But it was Allen’s watercolor and collage art of daily African American life — depicted peacefully and joyously at church, jazz clubs, picnics or busy streets — that was powerful to Nia. In them, she finds the emotive representation of a culture she knows well, if not the man who painted it. In them, she sees art, and a great uncle, who bear witness to enduring social activism created from a highly expressive palette of and for all colors.

“The best way I can explain my uncle’s expression of social justice is that it wasn’t angry. It was not pervaded by any negative emotions,” she says of his art created during the Great Migration and Civil Rights Movement, some of which is owned by Oprah Winfrey and the late Whitney Houston. “It didn’t make anyone feel angry or feel bitter. Rather, he took some of the most comforting moments of African American life, and he celebrated the social history and the social strength of black people.”

The research was not easy. Information about Allen’s life was not laid at Nia’s feet, the primary tools she uses to brilliantly learn and move on point as an artist herself. “It took a lot of digging,” she says, to find a good number of images of Allen’s works and stories about his life. The Internet or printed texts were not rife with them. But her great aunt Shirley was. In her home in Montgomery, Alabama, Shirley provided Nia with an oral history about Allen “and our family on that side that I didn’t really know too well. And maybe some information that I wasn’t supposed to know,” she chuckles.

While Nia’s research was personally satisfying, the main reason she undertook the project was to make Allen’s art and life relevant for all audiences. Professor Linda Graham, her Mellon advisor, prompted her to do so because “Nia’s intellect and experience as a dancer and artist provide her with a unique empathy, an understanding through embodied perspective, as well as the ability to perceive, abstract, explore, shape and form a narrative in an organized multimedia way,” Graham says.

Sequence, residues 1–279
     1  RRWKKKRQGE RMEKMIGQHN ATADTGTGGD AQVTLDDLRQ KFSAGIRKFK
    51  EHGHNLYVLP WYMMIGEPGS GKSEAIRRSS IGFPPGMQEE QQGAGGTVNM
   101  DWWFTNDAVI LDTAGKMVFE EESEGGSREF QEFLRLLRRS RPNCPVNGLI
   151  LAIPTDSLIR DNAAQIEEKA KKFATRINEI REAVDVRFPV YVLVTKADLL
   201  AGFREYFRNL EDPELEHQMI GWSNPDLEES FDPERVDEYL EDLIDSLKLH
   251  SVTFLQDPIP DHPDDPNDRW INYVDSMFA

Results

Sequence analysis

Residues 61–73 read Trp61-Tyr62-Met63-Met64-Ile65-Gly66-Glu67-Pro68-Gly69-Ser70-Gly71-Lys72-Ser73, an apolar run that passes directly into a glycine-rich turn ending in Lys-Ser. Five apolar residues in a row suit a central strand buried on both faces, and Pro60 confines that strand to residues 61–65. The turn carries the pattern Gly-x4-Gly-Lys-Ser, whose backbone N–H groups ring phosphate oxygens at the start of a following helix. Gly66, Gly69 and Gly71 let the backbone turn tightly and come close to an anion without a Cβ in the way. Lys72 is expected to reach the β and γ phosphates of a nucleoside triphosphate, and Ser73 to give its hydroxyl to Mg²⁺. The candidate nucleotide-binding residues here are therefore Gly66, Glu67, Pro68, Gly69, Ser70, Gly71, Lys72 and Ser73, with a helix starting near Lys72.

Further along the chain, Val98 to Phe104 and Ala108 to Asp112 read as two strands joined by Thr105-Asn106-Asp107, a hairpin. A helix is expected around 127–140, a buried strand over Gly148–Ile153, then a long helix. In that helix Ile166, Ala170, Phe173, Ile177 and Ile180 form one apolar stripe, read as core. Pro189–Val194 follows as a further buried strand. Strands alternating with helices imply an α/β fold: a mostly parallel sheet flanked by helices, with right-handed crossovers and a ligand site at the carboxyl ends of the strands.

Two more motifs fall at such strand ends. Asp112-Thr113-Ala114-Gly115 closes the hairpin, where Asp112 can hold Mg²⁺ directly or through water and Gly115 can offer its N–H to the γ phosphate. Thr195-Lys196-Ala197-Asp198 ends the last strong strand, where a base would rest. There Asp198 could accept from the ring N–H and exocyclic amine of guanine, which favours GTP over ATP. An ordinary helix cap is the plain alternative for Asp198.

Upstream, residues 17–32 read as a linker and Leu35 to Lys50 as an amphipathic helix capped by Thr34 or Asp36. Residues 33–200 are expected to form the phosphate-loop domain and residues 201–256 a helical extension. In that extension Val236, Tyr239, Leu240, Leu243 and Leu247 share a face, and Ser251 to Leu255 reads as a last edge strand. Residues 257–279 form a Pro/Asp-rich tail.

“I’m just incredibly grateful to have had this opportunity through the Mellon Scholars Program to perform historical research that I would not have had as an undergrad in other places,” says the Frankfort, Illinois native.

With a major housed in the social sciences, a minor in the arts and research in the humanities, the pragmatic and intuitive Stringfellow is as well-balanced a scholar as she is dancer. Even as she was researching and presenting “The Man Who Wore Red,” Stringfellow was also creating and performing a solo work of art of her own. Called “The Will,” it is a potent piece in classic modern technique expressing tenacity of will in the face of oppression. Stringfellow debuted the work at a student dance concert in spring 2017, then presented it again two months later at the Centre de Danse du Marais while she was studying on a May Term in Paris, France. Subsequently, “The Will” and a work by senior Emily Mejicano-Gormley titled “Memory” were combined and selected for adjudication at the regional American College Dance Association conference in March. “The Will/ Memory” became one of the only 11 pieces chosen for the event’s Gala Concert and one of the only two alternatives from the region for the national ACDA festival.

“I will say that through my participation in the dance department, I’m inspired to make long-lasting work in the same way that my great uncle has, to use the gifts I’ve been given to leave an impact on what art means,” says Stringfellow, whose ultimate goal is to open her own studio center that promotes health and the arts for young developing artists and dancers in low-income areas. “To me, and I think to him, it means to be honest, to be joyful, to be raw and authentic.”

“I just hope to leave an impact as Nia Stringfellow. Then maybe one day, some random great niece of mine will do research on me,” she says, and a calm but infectious smile crosses her face. “I’m not counting on it, but that’s the effect that I’d like to have.”